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Jadugoda: A Sacrifice | People for the Planet

India wishes to generate 63 gigawatts of nuclear power by 2030. India claims that this would cut its dependence on energy and put it on the path to progress. To gain something, they say, something needs to be lost. Jadugoda is what we are losing.

Jadugoda is home to India's only Uranium mine, that rests over the Aborigines ancestral land. They have been deprived of this land and it is now polluted with radioactivity. The lethal feed for the country's reactors is slowly destroying an entire generation of tribals living there.

Unknowingly, innocent workers inhale dust and radon, the tailing ponds cause unnecessary exposure to gamma rays and not only the lives, the product- uranium, is dealt carelessly. To make it worse, traces of other elements are also found in the samples indicating impurity. Villages in vicinity of the tailing ponds are the worst affected. During sun-seared days and loos, dust from the tailings runs through these villages. During monsoon showers, radioactive waste spills into the surrounding estuaries and rivers, causing added internal radiation because the villagers use this water for every domestic need possible including fishing.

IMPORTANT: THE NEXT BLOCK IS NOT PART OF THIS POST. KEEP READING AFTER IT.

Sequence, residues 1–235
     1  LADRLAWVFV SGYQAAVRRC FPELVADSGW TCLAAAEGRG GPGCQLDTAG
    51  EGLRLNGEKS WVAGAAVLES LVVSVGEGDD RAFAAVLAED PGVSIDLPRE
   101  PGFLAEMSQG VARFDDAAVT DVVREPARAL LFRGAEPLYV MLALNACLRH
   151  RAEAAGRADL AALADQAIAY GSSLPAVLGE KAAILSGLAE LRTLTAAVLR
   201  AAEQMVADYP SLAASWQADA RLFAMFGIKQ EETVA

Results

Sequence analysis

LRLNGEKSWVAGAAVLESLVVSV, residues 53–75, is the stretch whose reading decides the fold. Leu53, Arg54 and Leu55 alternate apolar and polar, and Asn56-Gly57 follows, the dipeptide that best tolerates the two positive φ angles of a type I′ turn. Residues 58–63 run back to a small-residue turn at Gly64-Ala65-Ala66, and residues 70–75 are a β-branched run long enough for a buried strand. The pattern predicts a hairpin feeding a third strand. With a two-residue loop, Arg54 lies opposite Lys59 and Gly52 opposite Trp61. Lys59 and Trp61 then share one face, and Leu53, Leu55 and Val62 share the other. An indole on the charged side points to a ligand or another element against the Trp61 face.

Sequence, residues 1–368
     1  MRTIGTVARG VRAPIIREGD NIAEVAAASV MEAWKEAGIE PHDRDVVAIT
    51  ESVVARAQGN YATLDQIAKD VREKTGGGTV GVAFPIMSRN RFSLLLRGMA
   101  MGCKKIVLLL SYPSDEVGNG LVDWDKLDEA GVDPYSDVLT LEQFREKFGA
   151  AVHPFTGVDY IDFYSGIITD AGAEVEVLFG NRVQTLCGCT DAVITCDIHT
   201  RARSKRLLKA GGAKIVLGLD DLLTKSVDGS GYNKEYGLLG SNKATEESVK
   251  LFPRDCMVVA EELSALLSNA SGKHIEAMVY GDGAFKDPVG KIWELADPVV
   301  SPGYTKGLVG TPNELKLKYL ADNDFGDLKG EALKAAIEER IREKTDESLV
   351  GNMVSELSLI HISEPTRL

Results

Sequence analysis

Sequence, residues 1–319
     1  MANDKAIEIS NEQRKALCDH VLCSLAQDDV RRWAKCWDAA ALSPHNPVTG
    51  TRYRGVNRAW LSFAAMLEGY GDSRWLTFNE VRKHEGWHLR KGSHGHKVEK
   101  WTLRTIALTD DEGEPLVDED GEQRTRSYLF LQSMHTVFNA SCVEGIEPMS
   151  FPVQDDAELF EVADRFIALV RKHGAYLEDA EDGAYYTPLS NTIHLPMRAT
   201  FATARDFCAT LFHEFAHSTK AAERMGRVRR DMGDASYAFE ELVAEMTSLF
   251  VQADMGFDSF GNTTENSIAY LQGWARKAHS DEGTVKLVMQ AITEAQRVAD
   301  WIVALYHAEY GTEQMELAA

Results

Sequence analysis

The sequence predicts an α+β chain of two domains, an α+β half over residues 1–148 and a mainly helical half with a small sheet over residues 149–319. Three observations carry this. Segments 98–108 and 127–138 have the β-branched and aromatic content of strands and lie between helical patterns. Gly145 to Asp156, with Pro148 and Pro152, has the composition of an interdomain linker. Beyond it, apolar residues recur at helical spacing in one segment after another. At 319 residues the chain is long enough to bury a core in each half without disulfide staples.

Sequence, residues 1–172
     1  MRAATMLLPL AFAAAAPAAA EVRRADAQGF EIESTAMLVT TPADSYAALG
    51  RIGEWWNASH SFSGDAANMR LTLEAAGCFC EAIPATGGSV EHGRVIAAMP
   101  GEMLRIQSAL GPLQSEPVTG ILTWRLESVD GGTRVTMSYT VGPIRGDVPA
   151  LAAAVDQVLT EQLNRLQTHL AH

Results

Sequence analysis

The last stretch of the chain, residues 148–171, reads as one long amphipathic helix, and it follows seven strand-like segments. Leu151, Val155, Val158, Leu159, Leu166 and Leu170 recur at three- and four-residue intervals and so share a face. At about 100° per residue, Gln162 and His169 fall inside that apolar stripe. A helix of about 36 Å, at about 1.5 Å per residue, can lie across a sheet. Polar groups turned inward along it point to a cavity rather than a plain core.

A Jadugoda native, Laxmi Das, has had three miscarriages and five of her children lost their lives within a week of their births. When her ninth child, Gudia, survived, she was considered her a miracle until she discovered that her baby has cerebral palsy and would be bed-bound for life. Gudia lost her life in 2012 leaving her parents traumatised. In Jadugoda, this is the fate of most families.

Jadugoda, translating to the land of magic in the local dialect, was once a place of the prettiest of hills, mist and marvel, humble and hardworking tribals, but is now a perdition on earth. Left helpless, the people of Jadugoda are being sacrificed in the disguise of development.

- Esha Sharma


Chinky Shukla,


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